The Best Music this side of the Equator

Very few people that I meet in my travels stick to my mind like the two sisters I met during the Peer Review Mechanism Workshop held at The Parktonian Hotel some few years ago. They told me they were into music and were playing instruments. You should know me; I can spot a diamond two hundred kilometres away, but I never saw this one.

They call themselves M2 and have just finished recording a music album that has the potential to bring half of the South African music fraternity to shame in quality. Don't act like you don't know that half of what we listen to is pure kak. Its production, arrangements and vocal delivery reminds an informed listener of the 1950s Dorothy Masuka, Dolly Rathebe and Miriam Makeba artistic aesthetic, with that twist of Sophiatown and black consiousness.

Talented M2 is made up of Nandipha (25) and Zintle (21) Maduna who both hail from Soweto (Johannesburg) and describe their music as kwela jazz. However listening to the six-track EP one is also struck by heavy elements of marabi and what is now called Afro-pop (African popular music). "We both write and sing our own music and we believe our group is going to take the industry by storm as our music is for every generation", says Nandipha, who adds that she used to play cello in a high school orchestra before furthering her music studies at the State Theatre in Tshwane.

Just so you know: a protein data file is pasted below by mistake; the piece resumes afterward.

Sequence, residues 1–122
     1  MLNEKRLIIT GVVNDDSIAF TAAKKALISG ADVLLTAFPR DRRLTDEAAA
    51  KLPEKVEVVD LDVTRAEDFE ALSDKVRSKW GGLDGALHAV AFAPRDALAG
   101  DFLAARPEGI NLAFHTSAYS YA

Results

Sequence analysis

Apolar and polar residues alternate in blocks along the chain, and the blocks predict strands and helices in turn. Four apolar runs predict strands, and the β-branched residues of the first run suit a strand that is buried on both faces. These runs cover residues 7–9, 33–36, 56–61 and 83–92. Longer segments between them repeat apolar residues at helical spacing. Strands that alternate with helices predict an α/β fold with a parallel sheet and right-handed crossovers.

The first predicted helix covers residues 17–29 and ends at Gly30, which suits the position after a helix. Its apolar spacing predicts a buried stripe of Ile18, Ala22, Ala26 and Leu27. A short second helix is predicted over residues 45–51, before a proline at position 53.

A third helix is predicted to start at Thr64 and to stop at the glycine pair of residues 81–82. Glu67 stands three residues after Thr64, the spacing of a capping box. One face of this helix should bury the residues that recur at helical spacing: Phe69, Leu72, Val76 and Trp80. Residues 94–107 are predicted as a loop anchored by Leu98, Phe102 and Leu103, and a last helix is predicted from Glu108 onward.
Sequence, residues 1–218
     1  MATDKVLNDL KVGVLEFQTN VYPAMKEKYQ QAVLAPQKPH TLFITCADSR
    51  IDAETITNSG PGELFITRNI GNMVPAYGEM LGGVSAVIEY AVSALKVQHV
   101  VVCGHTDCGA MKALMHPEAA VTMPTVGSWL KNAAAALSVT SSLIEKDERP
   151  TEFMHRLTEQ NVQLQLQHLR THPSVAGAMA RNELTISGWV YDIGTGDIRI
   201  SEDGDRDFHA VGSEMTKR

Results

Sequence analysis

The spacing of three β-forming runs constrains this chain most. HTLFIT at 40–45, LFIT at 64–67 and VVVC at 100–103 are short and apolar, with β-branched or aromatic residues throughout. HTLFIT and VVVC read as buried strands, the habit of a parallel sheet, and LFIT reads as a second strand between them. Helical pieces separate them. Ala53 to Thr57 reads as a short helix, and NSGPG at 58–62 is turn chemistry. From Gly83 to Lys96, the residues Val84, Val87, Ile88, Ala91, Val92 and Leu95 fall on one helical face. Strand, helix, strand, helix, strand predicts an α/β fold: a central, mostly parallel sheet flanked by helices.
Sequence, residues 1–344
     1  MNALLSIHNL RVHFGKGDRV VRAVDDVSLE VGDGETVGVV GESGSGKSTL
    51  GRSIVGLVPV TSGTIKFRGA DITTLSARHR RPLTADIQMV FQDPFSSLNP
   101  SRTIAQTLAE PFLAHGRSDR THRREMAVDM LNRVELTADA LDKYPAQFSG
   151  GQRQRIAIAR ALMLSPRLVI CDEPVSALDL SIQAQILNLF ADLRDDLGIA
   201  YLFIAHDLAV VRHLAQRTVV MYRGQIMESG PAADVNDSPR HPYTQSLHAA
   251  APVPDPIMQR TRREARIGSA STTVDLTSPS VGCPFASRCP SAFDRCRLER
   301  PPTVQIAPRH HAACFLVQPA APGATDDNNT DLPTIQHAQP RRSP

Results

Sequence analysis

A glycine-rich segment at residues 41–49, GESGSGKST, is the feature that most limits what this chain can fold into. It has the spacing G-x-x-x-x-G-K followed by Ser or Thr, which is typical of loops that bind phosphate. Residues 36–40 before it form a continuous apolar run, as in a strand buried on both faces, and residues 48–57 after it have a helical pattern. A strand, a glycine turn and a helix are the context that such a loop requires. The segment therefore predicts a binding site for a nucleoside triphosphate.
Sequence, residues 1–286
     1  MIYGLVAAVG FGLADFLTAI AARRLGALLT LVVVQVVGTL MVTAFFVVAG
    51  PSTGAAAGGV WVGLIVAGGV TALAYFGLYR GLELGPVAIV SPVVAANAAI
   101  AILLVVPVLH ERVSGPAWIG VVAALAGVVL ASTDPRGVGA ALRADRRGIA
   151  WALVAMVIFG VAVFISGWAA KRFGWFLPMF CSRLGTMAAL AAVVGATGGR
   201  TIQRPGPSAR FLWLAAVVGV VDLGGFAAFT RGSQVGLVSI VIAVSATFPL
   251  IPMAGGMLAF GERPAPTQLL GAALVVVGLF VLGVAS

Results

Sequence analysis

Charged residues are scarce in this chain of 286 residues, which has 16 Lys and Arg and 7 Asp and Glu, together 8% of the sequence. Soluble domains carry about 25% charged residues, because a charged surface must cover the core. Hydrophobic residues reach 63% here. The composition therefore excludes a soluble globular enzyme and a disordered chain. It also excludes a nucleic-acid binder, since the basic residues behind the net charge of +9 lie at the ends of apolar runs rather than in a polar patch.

Zintle is her younger sister and they are both gifted instrumentalists as well as prolific vocalists. She plays violin and is also the product of the State Theatre. The two sisters come across as dedicated musicians who say they've been hustling for a record deal since since 2004 after completing their studies. One wonders how come they haven't struck it lucky with a talent this intoxicating.

In 2007 they hooked up with producer Clement Moreane who worked with them on their album titled Ngidedele, which is also the title of the first track. Other tracks in the album include Andiphumeleli, Wena Bhuti, Inhlupheko, Sekuphelile, Wangiyenza and Uthando Lwakho. Then there is the instrumetal of Sekuphelile which exposes the talent that the two ladies have with these Euroccentric instruments. They say the album took a month to record and all their songs are in isiXhosa.

Their music is of such a high quality that it sounds like a collaboration of Thandiswa Mazwai and Simphiwe Dana with a jazz band. They are still looking for a record deal even though they are now hustling for it with a demo, which is so brilliantly done they might be the next best thing on the South African music scene.

Anyone with wanting to be in contact with M2 can call them direct at +27762134841. They should be able to give you their email address and quotation. All Kasiekulture can say is that 'nothing ever sounded so good since Brenda Fassie died'

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